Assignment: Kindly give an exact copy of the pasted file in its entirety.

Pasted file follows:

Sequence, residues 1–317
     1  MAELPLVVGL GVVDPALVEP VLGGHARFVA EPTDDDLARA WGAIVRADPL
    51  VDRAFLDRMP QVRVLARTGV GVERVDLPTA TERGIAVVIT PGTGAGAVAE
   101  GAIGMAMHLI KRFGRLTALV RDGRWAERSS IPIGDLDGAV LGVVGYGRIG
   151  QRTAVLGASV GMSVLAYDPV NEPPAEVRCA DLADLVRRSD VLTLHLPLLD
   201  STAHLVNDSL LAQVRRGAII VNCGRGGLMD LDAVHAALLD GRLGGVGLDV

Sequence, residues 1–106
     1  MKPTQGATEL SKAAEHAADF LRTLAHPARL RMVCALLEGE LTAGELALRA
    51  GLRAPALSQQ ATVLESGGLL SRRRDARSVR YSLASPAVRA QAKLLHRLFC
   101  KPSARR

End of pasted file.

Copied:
Sequence, residues 1–317
     1  MAELPLVVGL GVVDPALVEP VLGGHARFVA EPTDDDLARA WGAIVRADPL
    51  VDRAFLDRMP QVRVLARTGV GVERVDLPTA TERGIAVVIT PGTGAGAVAE
   101  GAIGMAMHLI KRFGRLTALV RDGRWAERSS IPIGDLDGAV LGVVGYGRIG
   151  QRTAVLGASV GMSVLAYDPV NEPPAEVRCA DLADLVRRSD VLTLHLPLLD
   201  STAHLVNDSL LAQVRRGAII VNCGRGGLMD LDAVHAALLD GRLGGVGLDV

Sequence, residues 1–106
     1  MKPTQGATEL SKAAEHAADF LRTLAHPARL RMVCALLEGE LTAGELALRA
    51  GLRAPALSQQ ATVLESGGLL SRRRDARSVR YSLASPAVRA QAKLLHRLFC
   101  KPSARR